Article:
1st Edition

Karl Barth's Analogy of Beauty Its Basis and Implications for Theological Aesthetics

By Andrew Dunstan Copyright 2022
    248 Pages
    by Routledge

    248 Pages
    by Routledge

    This book provides the first comprehensive examination of Karl Barth’s view of beauty. For over fifty years, scholars have assumed Barth recovered traditional belief in God’s beauty but refused to entertain any relationship between this and more familiar natural and artistic beauties. Hans Urs von Balthasar was the first to offer this interpretation, and his conclusion has been echoed ever since, rendering Barth’s view of beauty irrelevant to work in theological aesthetics. This volume continues the late-twentieth-century revision of Balthasar’s interpretation of Barth by arguing that this too is a significant misunderstanding of his theology. Andrew Dunstan demonstrates that, through an encounter with fatalistic forms of Reformed theology, Brunner’s charges that his dogmatics were irrelevant and medieval thought, Barth gradually developed an analogy of divine, ecclesial and worldly beauty with all the theological, christocentric and actualistic hallmarks of his previous forms of analogy. This not only yields valuable new insight into Barth’s view of analogy but also provides a much-needed foundation for a distinctively Protestant and post-Barthian approach to theological aesthetics.



    Part I: Analogia Gloriae

    1 Barth’s Concept of Analogy (1919–1968)

    2 Barth’s Concept of Natural Revelation (1919–1968)

    3 Barth’s Analogia Gloriae (1940)

    Part II: Analogia Pulchritudinis

    4 Antecedents: Barth’s Rudimentary Analogy of Theological, Ecclesial and Worldly Beauty (1919–1940)

    5 Climax: Barth’s Comprehensive Analogy of Theological, Ecclesial and Worldly Beauty in Church Dogmatics §31.3 (1940)

    6 Final Confirmation: Barth’s Continuing Analogy of Theological, Ecclesial and Worldly Beauty (1940–1968)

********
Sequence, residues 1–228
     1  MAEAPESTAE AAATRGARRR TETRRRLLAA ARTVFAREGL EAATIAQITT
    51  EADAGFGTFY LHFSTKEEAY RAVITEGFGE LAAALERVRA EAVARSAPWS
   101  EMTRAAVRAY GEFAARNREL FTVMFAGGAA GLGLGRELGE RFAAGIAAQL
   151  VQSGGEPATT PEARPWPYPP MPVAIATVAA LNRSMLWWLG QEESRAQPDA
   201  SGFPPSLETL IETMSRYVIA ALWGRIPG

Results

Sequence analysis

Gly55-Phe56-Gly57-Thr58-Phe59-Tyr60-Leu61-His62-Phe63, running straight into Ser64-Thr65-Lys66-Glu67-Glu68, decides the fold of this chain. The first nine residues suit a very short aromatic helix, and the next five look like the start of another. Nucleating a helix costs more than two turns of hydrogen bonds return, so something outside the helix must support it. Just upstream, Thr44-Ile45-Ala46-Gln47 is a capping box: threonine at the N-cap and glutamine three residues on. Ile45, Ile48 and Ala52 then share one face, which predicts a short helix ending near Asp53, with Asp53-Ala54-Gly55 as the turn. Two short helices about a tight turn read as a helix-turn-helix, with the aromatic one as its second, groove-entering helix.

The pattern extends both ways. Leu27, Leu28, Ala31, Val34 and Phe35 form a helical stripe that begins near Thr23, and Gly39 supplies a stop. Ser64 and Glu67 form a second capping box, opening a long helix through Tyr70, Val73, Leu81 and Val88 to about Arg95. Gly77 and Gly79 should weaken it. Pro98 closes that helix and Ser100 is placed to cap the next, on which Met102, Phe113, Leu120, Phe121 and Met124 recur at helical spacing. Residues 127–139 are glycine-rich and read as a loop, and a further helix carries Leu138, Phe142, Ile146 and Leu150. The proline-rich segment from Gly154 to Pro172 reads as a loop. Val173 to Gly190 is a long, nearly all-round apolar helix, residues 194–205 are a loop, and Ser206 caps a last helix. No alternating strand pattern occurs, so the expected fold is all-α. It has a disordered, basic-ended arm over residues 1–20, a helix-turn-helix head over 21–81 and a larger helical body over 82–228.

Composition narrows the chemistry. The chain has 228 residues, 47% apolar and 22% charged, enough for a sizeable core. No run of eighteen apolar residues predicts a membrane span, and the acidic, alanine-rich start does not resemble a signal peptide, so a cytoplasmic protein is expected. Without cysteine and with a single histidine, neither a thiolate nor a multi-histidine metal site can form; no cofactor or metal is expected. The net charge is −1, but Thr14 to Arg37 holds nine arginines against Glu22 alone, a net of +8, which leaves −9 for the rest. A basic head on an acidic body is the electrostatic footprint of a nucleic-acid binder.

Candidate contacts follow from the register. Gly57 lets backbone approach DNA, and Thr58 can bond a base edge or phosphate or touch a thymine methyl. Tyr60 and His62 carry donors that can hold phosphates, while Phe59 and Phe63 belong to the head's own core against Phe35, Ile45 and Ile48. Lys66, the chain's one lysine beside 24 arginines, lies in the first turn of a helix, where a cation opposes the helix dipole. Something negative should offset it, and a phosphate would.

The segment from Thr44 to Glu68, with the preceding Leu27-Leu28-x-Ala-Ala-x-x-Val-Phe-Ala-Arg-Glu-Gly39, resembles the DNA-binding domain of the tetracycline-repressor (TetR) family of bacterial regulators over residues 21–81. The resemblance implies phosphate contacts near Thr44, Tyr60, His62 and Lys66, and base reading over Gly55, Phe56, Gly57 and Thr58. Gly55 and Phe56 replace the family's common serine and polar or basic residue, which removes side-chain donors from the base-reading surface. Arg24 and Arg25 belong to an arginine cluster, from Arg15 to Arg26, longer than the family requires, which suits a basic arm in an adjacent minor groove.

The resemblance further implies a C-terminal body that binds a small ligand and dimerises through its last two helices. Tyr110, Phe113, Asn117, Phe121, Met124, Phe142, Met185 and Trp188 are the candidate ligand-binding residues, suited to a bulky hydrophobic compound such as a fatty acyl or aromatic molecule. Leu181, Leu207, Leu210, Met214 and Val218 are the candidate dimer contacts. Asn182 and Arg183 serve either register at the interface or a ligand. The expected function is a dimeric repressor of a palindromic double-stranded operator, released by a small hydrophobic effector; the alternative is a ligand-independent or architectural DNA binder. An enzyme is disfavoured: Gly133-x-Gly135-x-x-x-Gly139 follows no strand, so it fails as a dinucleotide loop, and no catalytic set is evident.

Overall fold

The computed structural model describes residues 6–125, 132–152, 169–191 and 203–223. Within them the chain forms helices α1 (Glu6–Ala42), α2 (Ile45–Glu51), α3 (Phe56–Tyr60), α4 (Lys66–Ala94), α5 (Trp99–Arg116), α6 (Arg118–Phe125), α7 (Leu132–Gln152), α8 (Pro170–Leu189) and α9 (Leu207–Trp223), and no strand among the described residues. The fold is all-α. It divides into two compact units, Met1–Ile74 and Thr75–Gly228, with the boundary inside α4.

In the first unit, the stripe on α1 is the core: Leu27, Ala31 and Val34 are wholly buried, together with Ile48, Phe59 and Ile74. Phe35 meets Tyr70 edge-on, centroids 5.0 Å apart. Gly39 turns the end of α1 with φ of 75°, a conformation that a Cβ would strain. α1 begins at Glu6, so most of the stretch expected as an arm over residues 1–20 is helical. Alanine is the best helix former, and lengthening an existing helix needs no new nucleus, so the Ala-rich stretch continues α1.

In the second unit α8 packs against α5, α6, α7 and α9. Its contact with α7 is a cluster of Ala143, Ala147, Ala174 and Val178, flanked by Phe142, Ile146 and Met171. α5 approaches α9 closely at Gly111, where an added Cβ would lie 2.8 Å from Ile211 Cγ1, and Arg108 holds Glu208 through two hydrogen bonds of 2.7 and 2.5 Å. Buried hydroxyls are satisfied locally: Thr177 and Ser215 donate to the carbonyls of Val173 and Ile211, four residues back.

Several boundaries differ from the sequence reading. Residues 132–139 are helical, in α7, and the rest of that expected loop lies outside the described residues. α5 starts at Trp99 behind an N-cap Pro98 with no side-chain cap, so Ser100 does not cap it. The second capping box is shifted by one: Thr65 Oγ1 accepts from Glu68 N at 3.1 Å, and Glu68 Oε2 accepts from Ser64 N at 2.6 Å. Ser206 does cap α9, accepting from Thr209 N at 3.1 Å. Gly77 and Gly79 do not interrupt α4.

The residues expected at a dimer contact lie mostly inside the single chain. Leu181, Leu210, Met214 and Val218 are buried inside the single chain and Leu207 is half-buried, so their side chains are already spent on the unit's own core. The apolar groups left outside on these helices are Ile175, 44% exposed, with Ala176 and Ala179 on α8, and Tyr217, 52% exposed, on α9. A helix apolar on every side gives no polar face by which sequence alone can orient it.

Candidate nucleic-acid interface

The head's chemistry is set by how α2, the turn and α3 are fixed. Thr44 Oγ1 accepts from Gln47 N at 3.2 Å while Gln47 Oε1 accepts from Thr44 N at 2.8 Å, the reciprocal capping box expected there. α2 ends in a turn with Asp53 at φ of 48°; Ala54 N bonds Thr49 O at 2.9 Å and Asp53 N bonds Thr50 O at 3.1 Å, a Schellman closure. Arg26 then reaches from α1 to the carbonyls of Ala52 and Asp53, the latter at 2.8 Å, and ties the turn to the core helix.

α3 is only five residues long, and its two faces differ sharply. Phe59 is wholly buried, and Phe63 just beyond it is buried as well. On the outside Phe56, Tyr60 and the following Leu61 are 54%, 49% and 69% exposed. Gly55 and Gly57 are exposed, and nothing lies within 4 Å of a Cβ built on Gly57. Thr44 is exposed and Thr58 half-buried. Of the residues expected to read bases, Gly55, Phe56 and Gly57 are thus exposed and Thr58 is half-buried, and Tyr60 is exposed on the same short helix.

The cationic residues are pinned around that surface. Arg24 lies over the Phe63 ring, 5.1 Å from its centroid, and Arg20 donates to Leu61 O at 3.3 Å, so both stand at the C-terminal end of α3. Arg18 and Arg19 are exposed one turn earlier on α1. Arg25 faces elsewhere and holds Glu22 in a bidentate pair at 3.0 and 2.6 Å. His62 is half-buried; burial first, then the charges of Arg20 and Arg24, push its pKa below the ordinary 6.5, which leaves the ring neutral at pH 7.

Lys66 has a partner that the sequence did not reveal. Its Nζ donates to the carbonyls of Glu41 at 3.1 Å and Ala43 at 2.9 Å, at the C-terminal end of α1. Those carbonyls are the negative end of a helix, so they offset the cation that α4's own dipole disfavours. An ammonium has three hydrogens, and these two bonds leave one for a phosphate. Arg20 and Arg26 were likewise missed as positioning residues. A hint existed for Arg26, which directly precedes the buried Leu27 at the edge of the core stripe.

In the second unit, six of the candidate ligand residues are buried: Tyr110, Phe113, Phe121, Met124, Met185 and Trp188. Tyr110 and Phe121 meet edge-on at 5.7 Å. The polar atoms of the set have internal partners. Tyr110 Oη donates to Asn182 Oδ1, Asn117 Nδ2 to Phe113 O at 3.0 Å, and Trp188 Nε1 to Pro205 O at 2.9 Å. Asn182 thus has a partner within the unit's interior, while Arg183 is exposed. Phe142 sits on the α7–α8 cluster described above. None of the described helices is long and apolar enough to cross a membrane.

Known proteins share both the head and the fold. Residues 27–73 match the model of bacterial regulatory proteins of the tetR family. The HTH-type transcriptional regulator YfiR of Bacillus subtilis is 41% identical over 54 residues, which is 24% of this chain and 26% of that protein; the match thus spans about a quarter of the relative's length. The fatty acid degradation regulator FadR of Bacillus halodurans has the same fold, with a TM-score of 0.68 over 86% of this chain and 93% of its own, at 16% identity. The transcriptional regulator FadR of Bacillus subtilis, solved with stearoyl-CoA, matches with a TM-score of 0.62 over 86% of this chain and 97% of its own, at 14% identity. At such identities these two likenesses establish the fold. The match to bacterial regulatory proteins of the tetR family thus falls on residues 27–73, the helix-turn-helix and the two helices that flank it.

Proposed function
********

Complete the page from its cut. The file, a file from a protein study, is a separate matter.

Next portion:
Part III: Significance

    7 Implications for Contemporary Theological Aesthetics





    Andrew Dunstan (DPhil, University of Oxford) is Lecturer in Systematic Theology at Malyon Theological College, the Australian College of Theology.

    "Dunstan’s excellently researched book builds on recent Barthian scholarship to argue that Barth’s ‘analogy of faith’ implies a theological ‘analogy of beauty’. Placing Barth’s thought in its evolving contexts, this work challenges older interpretations and establishes Barth’s promise for a Protestant theological aesthetics." - Richard Viladesau, Fordham University

    "Andrew Dunstan has written an in-depth examination of Karl Barth’s contribution to theological aesthetics. Clear and carefully considered, it is an authoritative and important study on the most eminent Reformed theologian of the twentieth century." - Gesa Thiessen, Trinity College Dublin

    "According to Karl Barth, theology is the most beautiful among all sciences. The reason for this is that, beside God’s truth and justice, His pulchritude is the embodiment of God’s reality. In the very readable book of Andrew Dunstan this is showed and reflected excellently." - Eberhard Busch, University of Göttingen

    "This book brilliantly challenges conventional accounts of Barth on beauty. Dunstan shows that Barth holds to an analogical theology of beauty far more substantial than is often thought. Crucial both for Barth studies and aesthetics more widely, this is a tour de force deserving a wide readership." - Jeremy Begbie, Duke University

    "In this illuminating work, Andrew Dunstan offers a fresh understanding and appreciation of theological aesthetics in the work of Karl Barth. In a lucid study that overturns much conventional wisdom, the author compellingly traces the development in Barth’s work of an analogy of beauty, and profiles its potential value for contemporary reflection." - Paul Nimmo, University of Aberdeen

    "The author offers a truly groundbreaking account of Barth’s theology of beauty, showing how an analogy of beauty is grounded in an analogy of glory; persuasively written and thoroughly documented, this indispensable book triumphantly overturns all previous doubts about Barth’s aesthetics." - Paul Fiddes, University of Oxford